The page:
Harris touts removal and replacement of lead pipes funded by Infrastructure Act

Speaking Monday at a nonprofit in Milwaukee, Vice President Kamala Harris highlighted the $15 billion Infrastructure Act that will fund the removal and replacement of all lead pipes nationwide. within a decade. (Mark Hoffman/Associated Press)

Vice President Kamala Harris traveled to Wisconsin on Monday to explain how the bipartisan infrastructure law passed last year allows authorities to improve drinking water by removing lead pipes, saying such action is a “moral imperative”.

Speaking at a nonprofit in Milwaukee, Harris pointed to the $15 billion infrastructure measure that will fund the removal and replacement of all lead pipes nationwide within a decade. The Environmental Protection Agency has already announced the release of $3 billion that will allow states to begin work, Harris said.

Harris touted the projects as a job creator and a public health effort. Ten million homes and 400,000 schools and nurseries have lead pipes. Exposure to lead in drinking water has been linked to many health problems, including increased blood pressure and decreased kidney function.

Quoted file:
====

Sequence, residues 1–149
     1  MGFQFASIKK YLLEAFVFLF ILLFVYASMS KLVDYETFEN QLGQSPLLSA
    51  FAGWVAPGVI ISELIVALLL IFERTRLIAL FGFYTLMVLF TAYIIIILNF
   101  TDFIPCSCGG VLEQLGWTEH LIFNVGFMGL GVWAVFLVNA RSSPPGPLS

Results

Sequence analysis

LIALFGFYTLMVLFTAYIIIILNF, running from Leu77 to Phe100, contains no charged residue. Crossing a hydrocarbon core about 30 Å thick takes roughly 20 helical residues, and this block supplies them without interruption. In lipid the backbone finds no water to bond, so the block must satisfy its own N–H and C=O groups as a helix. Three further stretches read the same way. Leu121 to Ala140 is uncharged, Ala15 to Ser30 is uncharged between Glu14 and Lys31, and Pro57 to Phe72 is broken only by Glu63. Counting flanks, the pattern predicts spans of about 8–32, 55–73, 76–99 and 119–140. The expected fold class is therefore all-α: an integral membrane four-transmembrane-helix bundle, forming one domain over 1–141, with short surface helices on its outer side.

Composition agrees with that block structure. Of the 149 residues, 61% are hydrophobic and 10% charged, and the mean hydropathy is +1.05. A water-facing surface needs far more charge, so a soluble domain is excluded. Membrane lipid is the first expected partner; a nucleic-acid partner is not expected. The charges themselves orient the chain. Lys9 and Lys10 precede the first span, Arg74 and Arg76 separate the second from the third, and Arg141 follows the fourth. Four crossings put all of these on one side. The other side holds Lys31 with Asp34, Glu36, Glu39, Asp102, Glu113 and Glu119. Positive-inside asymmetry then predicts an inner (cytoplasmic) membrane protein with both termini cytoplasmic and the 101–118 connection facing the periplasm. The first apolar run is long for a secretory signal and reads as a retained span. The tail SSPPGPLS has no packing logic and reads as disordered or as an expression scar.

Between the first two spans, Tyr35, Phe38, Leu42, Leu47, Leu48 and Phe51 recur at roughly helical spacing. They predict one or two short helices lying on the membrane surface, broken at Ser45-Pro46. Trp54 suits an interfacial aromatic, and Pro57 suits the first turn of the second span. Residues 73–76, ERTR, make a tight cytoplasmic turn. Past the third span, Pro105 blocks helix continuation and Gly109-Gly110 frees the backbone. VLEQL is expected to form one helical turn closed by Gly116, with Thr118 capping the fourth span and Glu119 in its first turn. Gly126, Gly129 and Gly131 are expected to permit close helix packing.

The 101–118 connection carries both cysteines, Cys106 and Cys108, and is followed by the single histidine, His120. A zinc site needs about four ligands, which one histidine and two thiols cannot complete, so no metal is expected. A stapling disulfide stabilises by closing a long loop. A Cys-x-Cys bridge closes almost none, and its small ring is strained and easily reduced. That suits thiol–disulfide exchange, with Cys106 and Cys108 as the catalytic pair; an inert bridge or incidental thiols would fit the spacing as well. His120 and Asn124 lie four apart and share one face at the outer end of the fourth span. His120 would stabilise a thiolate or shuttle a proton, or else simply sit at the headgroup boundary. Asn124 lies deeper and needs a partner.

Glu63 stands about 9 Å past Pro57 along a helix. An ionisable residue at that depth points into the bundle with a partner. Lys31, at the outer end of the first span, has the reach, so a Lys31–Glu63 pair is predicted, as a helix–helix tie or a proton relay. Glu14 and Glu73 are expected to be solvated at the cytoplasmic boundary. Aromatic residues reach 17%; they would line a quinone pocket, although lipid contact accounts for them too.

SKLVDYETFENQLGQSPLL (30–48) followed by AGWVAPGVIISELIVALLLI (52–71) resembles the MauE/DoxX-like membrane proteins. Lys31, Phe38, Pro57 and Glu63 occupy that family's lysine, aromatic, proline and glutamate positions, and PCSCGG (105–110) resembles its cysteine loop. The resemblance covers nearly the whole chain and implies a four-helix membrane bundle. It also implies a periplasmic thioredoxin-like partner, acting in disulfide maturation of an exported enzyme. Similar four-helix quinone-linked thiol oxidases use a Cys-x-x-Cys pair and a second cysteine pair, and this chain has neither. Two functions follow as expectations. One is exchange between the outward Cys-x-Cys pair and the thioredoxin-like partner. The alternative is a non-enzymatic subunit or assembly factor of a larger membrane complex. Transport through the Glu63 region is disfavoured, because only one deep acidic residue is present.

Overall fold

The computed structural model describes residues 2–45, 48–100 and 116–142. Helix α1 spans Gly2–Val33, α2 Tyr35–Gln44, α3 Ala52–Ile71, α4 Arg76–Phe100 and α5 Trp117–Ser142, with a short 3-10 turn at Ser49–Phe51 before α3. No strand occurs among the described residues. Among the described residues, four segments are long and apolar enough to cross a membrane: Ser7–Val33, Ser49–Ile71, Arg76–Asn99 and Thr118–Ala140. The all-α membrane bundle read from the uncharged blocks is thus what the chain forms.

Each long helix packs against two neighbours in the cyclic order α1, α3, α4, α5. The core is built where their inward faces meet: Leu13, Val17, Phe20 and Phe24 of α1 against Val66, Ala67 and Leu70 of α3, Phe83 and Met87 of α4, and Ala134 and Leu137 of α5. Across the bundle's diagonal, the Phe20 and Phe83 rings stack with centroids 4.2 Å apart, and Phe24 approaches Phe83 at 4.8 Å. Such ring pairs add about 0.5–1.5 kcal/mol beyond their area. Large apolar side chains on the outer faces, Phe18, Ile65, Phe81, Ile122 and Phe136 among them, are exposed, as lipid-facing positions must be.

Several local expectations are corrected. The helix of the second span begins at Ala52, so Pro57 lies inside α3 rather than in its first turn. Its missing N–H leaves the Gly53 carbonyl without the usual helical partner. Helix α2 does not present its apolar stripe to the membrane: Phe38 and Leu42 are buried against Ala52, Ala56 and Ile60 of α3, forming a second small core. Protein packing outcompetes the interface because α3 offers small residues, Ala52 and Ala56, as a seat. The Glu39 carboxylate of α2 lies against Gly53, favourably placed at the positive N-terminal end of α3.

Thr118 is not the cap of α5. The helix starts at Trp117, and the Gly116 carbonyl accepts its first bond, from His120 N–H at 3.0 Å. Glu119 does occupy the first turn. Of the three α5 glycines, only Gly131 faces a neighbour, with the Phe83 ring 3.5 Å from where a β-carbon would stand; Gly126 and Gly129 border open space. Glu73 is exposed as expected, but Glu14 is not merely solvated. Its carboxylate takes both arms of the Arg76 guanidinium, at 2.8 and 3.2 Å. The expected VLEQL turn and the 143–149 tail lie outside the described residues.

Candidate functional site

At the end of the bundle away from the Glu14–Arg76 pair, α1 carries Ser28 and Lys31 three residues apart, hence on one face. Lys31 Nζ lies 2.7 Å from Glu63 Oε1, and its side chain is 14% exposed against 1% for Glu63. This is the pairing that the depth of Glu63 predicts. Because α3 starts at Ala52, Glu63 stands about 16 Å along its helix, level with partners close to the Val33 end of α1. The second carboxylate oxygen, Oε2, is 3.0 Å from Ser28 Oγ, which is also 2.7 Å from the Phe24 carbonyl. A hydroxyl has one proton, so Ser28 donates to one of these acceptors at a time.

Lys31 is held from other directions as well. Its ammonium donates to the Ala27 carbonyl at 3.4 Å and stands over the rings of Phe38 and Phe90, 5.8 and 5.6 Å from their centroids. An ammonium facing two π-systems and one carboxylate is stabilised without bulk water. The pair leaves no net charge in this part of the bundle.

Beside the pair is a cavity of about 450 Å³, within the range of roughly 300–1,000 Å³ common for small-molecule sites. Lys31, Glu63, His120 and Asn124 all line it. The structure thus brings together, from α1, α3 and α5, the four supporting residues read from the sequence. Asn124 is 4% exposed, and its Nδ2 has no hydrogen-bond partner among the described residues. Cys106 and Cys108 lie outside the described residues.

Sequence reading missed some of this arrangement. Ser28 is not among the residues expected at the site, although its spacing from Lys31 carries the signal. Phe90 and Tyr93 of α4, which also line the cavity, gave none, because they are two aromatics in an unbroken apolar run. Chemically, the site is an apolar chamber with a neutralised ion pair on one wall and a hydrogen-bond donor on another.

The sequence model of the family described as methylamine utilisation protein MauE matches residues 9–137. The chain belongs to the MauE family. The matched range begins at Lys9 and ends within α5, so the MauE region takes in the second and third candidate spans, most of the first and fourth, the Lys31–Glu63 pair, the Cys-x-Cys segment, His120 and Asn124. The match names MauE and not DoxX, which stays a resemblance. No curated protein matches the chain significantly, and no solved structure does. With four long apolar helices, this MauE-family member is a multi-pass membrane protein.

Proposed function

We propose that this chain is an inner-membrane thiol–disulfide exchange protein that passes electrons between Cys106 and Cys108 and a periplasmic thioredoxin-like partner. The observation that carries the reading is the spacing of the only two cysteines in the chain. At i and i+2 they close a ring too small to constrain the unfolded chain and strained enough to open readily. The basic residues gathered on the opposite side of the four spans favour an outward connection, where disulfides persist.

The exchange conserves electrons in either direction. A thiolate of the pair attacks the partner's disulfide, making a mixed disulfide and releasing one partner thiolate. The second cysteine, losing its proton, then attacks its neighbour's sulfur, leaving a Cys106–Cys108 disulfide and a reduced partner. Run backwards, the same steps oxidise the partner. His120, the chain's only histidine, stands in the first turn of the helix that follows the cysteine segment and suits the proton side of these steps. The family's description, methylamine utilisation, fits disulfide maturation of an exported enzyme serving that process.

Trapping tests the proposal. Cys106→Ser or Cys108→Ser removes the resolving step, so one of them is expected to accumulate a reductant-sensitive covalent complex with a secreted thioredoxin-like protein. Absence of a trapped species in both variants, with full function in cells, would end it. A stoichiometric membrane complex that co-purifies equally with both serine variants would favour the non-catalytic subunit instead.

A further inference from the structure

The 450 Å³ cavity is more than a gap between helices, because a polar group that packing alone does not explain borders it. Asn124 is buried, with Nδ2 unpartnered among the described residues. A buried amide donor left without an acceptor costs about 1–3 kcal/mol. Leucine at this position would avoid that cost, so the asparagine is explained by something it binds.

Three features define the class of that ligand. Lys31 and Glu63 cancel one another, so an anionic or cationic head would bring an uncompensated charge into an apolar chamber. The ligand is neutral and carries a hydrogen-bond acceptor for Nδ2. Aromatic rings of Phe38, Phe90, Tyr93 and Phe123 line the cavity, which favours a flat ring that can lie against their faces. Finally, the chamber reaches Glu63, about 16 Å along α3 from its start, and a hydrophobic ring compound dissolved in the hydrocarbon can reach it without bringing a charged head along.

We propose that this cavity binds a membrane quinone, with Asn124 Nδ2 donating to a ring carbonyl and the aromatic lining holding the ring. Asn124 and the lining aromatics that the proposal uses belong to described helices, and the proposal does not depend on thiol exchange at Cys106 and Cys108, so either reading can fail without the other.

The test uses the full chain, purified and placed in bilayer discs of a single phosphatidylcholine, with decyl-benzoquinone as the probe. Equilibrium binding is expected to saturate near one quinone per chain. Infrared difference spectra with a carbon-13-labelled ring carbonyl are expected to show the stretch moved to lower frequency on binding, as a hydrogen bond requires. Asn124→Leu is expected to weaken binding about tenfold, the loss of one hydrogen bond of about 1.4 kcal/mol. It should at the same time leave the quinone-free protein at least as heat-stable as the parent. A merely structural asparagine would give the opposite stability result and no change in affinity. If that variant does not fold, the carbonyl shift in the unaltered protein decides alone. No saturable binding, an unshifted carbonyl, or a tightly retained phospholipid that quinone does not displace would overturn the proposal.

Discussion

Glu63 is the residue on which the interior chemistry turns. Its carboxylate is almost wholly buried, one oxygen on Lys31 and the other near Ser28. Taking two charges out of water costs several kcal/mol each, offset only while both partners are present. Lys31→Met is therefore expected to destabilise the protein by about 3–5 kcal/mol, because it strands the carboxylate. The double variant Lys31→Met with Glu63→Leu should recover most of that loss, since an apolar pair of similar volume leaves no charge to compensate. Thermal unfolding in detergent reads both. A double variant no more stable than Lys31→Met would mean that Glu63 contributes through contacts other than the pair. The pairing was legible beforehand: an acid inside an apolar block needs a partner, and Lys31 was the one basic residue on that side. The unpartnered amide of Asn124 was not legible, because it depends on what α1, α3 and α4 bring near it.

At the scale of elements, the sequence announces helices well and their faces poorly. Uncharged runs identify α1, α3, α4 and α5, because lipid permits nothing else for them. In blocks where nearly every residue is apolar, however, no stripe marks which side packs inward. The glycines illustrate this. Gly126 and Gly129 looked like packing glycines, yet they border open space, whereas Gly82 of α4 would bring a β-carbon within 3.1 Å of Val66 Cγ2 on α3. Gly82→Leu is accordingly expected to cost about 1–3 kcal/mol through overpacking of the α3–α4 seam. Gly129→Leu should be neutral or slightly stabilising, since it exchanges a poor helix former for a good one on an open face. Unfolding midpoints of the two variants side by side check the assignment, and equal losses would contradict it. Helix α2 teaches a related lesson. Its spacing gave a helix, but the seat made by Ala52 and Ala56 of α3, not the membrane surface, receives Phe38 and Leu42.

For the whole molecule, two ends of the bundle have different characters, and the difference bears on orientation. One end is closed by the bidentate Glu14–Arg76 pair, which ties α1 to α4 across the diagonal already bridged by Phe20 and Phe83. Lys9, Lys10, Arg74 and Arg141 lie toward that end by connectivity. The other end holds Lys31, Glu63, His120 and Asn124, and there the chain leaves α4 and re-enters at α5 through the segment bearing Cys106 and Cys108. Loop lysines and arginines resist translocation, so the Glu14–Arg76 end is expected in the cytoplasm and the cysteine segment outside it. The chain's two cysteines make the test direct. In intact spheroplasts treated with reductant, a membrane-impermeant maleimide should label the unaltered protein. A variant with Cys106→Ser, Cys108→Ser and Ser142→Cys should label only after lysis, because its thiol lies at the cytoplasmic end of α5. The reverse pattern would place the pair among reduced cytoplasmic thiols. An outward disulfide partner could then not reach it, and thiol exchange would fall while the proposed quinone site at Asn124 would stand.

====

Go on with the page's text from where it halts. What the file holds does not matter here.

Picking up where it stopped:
Lead can cause “irreparable damage to the body and brain,” Harris said.

“Our children go to school where they potentially drink lead-infused and toxic water from water fountains,” Harris added. “The only solution here is to get rid of the lead in our pipes, in our paintwork, and the exposure that our children and families are currently experiencing.”

Since President Biden signed the bipartisan $1 trillion bill in November, Biden and Harris have been aggressively selling his plans, hoping to highlight legislative achievement before the midterm elections. Harris has given speeches promoting aspects of the measure in California, North Carolina, Ohio, New Hampshire and Nevada.

Harris and Biden had also hoped to campaign this year on passage of suffrage bills and a major social and environmental spending package. These bills are stalled in the Senate.

Democrats, however, won strong Republican support for the infrastructure deal — 13 in the House and 19 in the Senate, including Senate Minority Leader Mitch McConnell of Kentucky, voted for the legislation. Republicans opposed to the legislation said it was too big, poorly linked to the broader spending plan, and failed to address appropriate infrastructure needs.

The White House promoted the law as job-creating and said it would fund repairs to aging bridges and roads, expand high-speed internet access, and mitigate wildfires and other natural disasters throughout the country. The act will also fund the removal of lead paint in federally subsidized housing, tribal housing and other low-income communities.

This story originally appeared in the Los Angeles Times.

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